Guys behind Harry Potter Film Concert Series talk details


Warner Bros. and CineConcerts will be touring the country and performing the scores to Harry Potter movies as the films play on giant screens.

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First off: what is the Harry Potter Film Concert Series? It’s an idea cooked by CineConcerts and approved by Warner Bros. The company will travel around the country and recruit the services of professional-grade orchestras that will play the scores to Harry Potter films while the movies themselves are projected on screens behind the musicians. The first concert will take place in the Mann Center in Philadelphia in June, where the Philadelphia Orchestra will play the score of Harry Potter and the Sorcerer’s Stone in sync with the movie.

It’s an ambitious project. CineConcerts already has plans to visit San Diego, Nashville, Milwaukee, Grand Rapids, and Silicon Valley. SnitchSeeker recently caught up with two of the people behind the series: president and founder of CineConcerts Justin Freer and vice president and co-founder Brady Beauxbien. They drop a lot of knowledge, including their ideas about how long the series will last. Listen to Beauxbien:

I don’t think you can think about it as a traditional tour that begins and ends. It’s going to be this ever-expanding celebration. As more people see it in a concert hall or read about it occurring in a concert hall, then want it to come to their city and reach out to us to see if we can bring it in. It’s going to be much more organic and more of a global celebration rather than a tour that begins in January and ends in March.

So what I’m getting from this is that Freer and Beauxbien would prefer the Concert Series continue on forever, in every country around the globe. Like I said, it’s an ambitious project.

Beauxbien also established exactly how much of the movies will be shown: all of them. “It is exactly the movie from frame-to-frame, complete with the music totally in sync with the film,” he said. I’d figure the orchestra might threaten to drown out the dialogue in key parts? But the thrill of hearing it live would probably make up for it.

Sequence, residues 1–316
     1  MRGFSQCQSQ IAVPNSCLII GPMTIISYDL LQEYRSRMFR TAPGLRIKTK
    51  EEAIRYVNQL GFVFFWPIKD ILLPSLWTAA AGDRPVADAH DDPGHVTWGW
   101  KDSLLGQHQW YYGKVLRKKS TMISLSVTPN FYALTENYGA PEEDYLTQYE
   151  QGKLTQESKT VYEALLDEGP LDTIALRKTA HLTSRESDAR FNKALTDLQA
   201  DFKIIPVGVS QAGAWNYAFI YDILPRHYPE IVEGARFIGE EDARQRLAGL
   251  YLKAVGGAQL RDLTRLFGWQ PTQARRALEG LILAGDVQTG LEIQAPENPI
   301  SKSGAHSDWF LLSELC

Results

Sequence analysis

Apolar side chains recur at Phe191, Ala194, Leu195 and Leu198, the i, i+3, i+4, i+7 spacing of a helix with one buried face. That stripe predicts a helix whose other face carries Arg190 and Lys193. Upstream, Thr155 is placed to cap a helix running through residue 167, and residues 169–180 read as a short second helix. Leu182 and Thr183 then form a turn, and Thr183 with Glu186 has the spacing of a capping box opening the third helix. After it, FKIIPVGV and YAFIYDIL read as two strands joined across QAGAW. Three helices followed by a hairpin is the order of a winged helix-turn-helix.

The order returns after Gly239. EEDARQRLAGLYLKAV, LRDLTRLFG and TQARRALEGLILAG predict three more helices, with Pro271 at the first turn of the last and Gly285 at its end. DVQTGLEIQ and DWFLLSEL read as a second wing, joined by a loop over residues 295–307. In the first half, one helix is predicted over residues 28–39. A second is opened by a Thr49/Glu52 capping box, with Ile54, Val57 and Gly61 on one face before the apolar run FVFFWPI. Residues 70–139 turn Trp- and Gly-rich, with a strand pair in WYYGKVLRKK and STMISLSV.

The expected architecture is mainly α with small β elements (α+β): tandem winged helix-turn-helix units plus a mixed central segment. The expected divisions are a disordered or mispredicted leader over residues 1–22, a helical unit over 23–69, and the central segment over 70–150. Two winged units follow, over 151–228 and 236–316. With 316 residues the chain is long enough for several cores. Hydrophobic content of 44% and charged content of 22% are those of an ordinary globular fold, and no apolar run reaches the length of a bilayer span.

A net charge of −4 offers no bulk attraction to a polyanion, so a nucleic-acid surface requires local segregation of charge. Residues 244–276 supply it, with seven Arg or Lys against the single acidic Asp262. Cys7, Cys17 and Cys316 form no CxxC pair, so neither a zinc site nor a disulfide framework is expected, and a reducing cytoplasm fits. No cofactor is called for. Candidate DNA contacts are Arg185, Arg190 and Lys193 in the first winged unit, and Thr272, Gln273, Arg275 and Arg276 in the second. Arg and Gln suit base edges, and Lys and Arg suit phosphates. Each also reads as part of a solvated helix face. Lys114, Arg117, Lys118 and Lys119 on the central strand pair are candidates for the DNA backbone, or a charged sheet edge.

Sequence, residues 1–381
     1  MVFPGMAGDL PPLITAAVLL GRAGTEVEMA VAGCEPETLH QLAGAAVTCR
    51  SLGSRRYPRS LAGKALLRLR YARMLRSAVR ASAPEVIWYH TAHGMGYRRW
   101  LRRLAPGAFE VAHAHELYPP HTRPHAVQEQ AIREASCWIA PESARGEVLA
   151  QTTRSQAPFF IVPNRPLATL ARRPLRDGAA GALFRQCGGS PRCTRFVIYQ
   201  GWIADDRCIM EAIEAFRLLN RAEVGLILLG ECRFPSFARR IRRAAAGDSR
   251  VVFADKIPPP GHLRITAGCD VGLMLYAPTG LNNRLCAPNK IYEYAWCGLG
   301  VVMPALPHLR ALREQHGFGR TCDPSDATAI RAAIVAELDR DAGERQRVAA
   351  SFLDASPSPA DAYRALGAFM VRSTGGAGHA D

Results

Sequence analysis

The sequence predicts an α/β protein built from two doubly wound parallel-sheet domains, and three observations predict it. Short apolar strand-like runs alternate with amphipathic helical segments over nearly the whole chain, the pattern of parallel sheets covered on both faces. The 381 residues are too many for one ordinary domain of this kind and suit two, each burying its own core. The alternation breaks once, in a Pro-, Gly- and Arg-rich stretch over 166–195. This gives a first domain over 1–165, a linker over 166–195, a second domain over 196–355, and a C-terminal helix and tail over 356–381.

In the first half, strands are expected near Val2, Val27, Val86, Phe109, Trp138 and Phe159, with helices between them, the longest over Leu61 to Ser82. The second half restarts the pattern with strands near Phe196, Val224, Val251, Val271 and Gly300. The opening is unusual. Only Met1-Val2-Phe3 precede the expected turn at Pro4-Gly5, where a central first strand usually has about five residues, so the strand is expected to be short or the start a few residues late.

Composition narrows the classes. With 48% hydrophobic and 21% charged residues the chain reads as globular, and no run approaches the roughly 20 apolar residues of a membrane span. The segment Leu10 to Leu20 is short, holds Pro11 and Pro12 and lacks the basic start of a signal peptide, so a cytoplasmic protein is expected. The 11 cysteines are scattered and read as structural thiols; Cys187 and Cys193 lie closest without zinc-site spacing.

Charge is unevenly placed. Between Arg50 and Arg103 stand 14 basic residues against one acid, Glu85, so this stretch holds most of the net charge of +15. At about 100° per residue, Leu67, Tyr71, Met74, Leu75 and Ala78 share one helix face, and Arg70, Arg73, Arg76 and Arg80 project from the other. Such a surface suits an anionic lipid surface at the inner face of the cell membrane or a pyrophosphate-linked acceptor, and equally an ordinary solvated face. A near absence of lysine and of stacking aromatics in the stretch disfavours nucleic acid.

The music in the Harry Potter movies is very extensive, and casual listeners may not realize that four different composers had a hand in it over the course of the series. Freer gave a little overview of the various scores when asked which of the eight soundtracks was the most challenging to do.

Each soundtrack…has amazingly unique attributes and do something totally different and powerful for each film. In the John Williams’ ones, it’ll be fun to start them out because it was the beginning of the franchise. As you move through the amazing power of Patrick Doyle’s music to The Goblet of Fire and, of course, Nick Hooper’s music in the following two films, and Alexandre Desplat at the very end, Deathly Hallows, Parts 1 and 2 – they’re all unique in their own way. I love the chorale elements in Patrick Doyle’s for The Goblet of Fire. I love the elegance of Desplat’s music for Deathly Hallows, Parts 1 and 2. It’s so very elegant and beautiful. And, of course, the iconic tune that John Williams came up with on that beautiful celeste instrument.

His passion is catching. If this series happens to come to a concert hall near you, it could well be worth checking out.

Head over to SnitchSeeker for the full interview.

Next: Emma Watson on taking a break from acting

Also, Beauxbien gave some information on how many shows the orchestras will do per city, for those eager to work the Concert Series into their schedules. “Usually when we do these, it’s one to three nights per city,” he said. “With Harry Potter it’s going to be wonderfully different. These cities may choose to do eight nights with a different movie each night. They may choose to just do Sorcerer’s Stone for three nights and then bring back the next movie each month after that.”

So…stay tuned, basically.